Let’s get real.
Is it time to scrap the reference check?
Most execs pay lip service to checking references. Typically, they call a couple of the people provided by the candidate, ask a few softball questions and are done with it. Rarely will these brief conversations influence your final hiring decision.
If it doesn’t matter, then why do it?
Please understand, I’m a huge advocate of checking references. Getting former managers and colleagues to open up about a candidate will uncover valuable information and give you a good idea of how the candidate will perform in your organization.
Resumes and interviews are just glorified sales pitches.
Your candidates craft their message carefully, emphasizing their strengths and accomplishments and hiding their weaknesses and failures. Most candidates fudge the truth a bit. Some outright lie.
A thorough reference check will uncover these misrepresentations and give you an unvarnished and very accurate portrait of the candidate. Done right, reference checks are invaluable. Done poorly, they’re useless.
The bottom line: If you’re not eliminating some candidates and elevating others based on the reference check, you’re doing a bad job and making one or more of these mistakes:
Checking References Too Late in the Process
Do you wait until you’ve already made your pick before checking references? Sure, you can verify salary history, employment dates and perhaps speak with a former manager to ensure you haven’t made a horrible mistake.
But if this is your approach, understand that you’re not getting the full picture of the person you’re about to hire–or for that matter–the other strong candidates who you rejected.
The best time to contact references is after you have narrowed your choices down to two or three strong finalists. Perhaps, you’re leaning toward one candidate, but you’re concerned about whether they will fit your culture. Or, maybe you can’t decide between two candidates. Done properly, the reference check will give you the information you need to make the right decision.
Delegating the Reference Check
Do you hand off reference checks to the HR department because you feel uncomfortable doing them yourself or you don’t have the time?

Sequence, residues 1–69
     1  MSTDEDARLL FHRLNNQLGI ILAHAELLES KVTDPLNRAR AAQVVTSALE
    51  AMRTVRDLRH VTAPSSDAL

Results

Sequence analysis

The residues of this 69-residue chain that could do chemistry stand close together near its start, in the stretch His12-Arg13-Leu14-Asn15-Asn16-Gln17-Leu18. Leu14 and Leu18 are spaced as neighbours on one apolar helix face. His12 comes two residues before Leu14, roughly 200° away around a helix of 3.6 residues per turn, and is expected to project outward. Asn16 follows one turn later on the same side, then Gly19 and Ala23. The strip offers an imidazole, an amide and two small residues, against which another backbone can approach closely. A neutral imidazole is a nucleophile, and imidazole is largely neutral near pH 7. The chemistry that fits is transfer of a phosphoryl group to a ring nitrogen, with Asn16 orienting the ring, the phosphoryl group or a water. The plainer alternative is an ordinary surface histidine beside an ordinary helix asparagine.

Sorry. Reference checking is the hiring manager’s job. Not only will talking to former supervisors help you make the best possible hiring choice, it will give you insights on how to best lead the new hire.
If you’re using an outside recruiter, you might be tempted to outsource the reference check. Again, better to do it yourself, but if you’re going that route be sure the recruiter is checking references for everyone in the last group–not simply for your final selection.
Recruiters want to finalize the hire and the last thing they want to do is uncover a problem at the end of the process after you’ve already made your selection. They’re conflicted.
Check the Box Mentality
Many hiring managers make a half-hearted effort at checking references so they can “check the box,” but the reality is they feel it’s a needless bother because they are terrific at hiring based on interviews and their “gut feel.”
I’ve hired thousands of people as an entrepreneur and executive recruiter. I get “gut feels” all the time. While my instincts are often right, they’re not nearly as accurate as judgments made based on objective information and an accurate picture of the candidate’s work history.
Ask probing questions of the reference and listen carefully to what your top candidates’ former managers say about their strengths and weaknesses, accomplishments and working style. You may be surprised.
And anything less than a raving, glowing reference isn’t a very good reference. I’m looking to hear “You’d be an idiot not to hire her.”
No Backdoor References
Back-door references are people you find on your own–not the names provided by the candidate. Using LinkedIn, you can locate and get in touch with former managers, co-workers and industry associates.
Front-door references supplied by the candidate will expect your call and typically will speak positively about the person. That’s fine. Although by asking the right questions, you can still extract valuable information.
Back-door references, on the other hand, will feel less obliged to put a positive spin on their perceptions of the candidate. Their comments can be very revealing. And if many of them are unwilling to talk to you, that speaks volumes too.
To effectively compare candidates, you need to ask the same questions when speaking with references. Seems obvious, but too many hiring managers improvise and ask whatever pops into their minds.
Construct a list of questions that get to the heart of the candidates’ competencies, performance, work style & leadership ability. Ask references to quantify their assessment of the candidate and if they would hire them again.
Here’s a link to the questions I use.
Checking references the right way takes effort, time and a willingness to cold call people who may not want to talk to you.
I’ve been hung up on countless times.
I completely understand why a busy hiring manager who has already interviewed a number of candidates and settled on one or two favorites is reluctant to call several references for each of the finalists. It’s a pain.
But if that’s the case, you’re fooling yourself if you delegate the reference check or short-change the process by calling a single reference and believe you’ve done something that will contribute to a better hiring decision.
A thorough reference check can help you to make a better hiring decision and to manage the new hire more effectively.
But if you’re not invested in doing reference checks the right way, then stop wasting your time and ditch them altogether.
Just know that you’re taking a needless risk on the single-most important decision in your business: who to invite to be part of it.
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